HTML <footer> Tag
<footer> tag represents the footer of an HTML document or a section within the document.
<footer> tag is written as
</footer> with the footer content inserted between the start and end tags.
<footer> tag can be placed anywhwere that "flow content" is expected (typically anywhwere within the body of the document), however, cannot be placed within a
<header> or another
<footer> element, and it cannot contain a
Basic tag usage
Here's an example of the
<footer> tag being used to markup the footer of a whole document.
Footer at Top of Document
<footer> tag doesn't necessarily need to appear at the bottom of the document (although this is probably the most common usage).
Here's an example of placing the
<footer> tag near the top of the document.
A document can have multiple
<footer> elements. Here's an example of a document with two footers (one at the top and one at the bottom).
Just as a whole document can contain
<footer> elements, so can each section within a document.
Here, we have two
<article> elements that contain their own respective footers. The document itself has its own separate footer.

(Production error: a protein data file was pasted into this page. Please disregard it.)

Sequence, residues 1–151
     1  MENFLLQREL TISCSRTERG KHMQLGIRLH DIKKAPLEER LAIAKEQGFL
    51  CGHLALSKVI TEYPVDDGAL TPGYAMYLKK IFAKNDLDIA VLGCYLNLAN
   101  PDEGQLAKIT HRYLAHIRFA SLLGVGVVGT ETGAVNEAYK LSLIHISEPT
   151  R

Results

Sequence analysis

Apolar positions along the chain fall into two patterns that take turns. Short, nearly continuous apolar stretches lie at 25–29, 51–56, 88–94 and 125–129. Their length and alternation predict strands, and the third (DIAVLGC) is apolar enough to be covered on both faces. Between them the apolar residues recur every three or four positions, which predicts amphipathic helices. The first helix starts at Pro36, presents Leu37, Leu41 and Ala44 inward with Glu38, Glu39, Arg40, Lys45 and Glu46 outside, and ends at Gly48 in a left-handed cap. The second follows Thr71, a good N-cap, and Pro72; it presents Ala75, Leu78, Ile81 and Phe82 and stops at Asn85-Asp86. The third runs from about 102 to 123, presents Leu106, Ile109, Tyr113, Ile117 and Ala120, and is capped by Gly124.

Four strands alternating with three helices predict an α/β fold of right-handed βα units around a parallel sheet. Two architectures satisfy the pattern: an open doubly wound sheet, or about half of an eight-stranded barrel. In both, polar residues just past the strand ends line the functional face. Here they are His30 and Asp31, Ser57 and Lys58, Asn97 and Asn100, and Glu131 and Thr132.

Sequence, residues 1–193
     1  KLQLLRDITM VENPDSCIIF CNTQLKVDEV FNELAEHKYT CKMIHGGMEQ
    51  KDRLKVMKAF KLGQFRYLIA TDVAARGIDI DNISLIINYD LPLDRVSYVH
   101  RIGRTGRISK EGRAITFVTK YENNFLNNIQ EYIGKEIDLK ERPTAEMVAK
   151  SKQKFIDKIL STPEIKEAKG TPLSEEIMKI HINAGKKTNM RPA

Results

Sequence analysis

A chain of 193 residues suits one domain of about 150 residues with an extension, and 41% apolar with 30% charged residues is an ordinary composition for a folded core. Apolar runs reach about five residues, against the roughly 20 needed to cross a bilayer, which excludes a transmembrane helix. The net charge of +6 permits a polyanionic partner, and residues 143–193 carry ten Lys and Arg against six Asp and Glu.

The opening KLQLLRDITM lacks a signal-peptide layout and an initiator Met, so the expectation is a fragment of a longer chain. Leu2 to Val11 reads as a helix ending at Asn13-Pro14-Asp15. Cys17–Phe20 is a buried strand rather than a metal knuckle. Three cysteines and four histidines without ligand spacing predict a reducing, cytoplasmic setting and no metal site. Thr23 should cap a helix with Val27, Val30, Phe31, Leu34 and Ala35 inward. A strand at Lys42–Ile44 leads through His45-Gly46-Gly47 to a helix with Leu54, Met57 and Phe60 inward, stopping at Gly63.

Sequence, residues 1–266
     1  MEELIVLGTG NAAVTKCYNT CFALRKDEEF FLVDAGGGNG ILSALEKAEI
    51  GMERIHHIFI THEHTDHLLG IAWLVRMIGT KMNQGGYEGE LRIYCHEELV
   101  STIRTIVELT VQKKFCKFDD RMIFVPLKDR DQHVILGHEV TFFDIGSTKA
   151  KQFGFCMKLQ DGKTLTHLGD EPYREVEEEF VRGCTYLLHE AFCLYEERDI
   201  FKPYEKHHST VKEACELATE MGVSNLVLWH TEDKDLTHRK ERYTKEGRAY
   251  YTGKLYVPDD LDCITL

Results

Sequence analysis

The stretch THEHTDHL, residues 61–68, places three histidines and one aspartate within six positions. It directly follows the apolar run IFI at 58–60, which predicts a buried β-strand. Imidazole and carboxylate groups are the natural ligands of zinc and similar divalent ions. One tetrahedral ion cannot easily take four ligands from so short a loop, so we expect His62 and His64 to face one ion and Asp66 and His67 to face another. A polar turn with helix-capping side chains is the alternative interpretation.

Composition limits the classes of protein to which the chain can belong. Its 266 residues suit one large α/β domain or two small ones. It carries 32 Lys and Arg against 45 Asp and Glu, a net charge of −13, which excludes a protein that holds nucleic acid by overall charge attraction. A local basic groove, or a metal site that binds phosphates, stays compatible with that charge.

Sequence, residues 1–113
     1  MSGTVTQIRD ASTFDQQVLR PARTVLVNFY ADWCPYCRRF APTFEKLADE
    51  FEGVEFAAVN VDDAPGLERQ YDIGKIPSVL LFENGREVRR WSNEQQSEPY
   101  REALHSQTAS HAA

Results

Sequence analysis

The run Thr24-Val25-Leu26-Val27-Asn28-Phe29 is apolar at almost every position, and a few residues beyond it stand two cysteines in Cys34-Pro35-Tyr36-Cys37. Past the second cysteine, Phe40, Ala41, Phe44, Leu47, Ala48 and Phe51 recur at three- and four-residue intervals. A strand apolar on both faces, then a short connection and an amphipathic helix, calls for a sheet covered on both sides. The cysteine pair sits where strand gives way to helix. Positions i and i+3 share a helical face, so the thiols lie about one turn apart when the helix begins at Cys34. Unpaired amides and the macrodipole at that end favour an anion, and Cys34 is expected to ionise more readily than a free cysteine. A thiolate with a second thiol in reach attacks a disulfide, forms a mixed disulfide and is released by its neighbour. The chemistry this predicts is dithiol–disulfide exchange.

Footers often contain contact information for the document's author. Contact information within a
<footer> tag should be marked up using the
Attributes can be added to an HTML element to provide more information about how the element should appear or behave.
<footer> element accepts the following attributes.
The following attributes are standard across all HTML elements. Therefore, you can use these attributes with the
<footer> tag , as well as with all other HTML tags.
For a full explanation of these attributes, see HTML 5 global attributes.
Event handler content attributes enable you to invoke a script from within your HTML. The script is invoked when a certain "event" occurs. Each event handler content attribute deals with a different event.
Most event handler content attributes can be used on all HTML elements, but some event handlers have specific rules around when they can be used and which elements they are applicable to.
For more detail, see HTML event handler content attributes.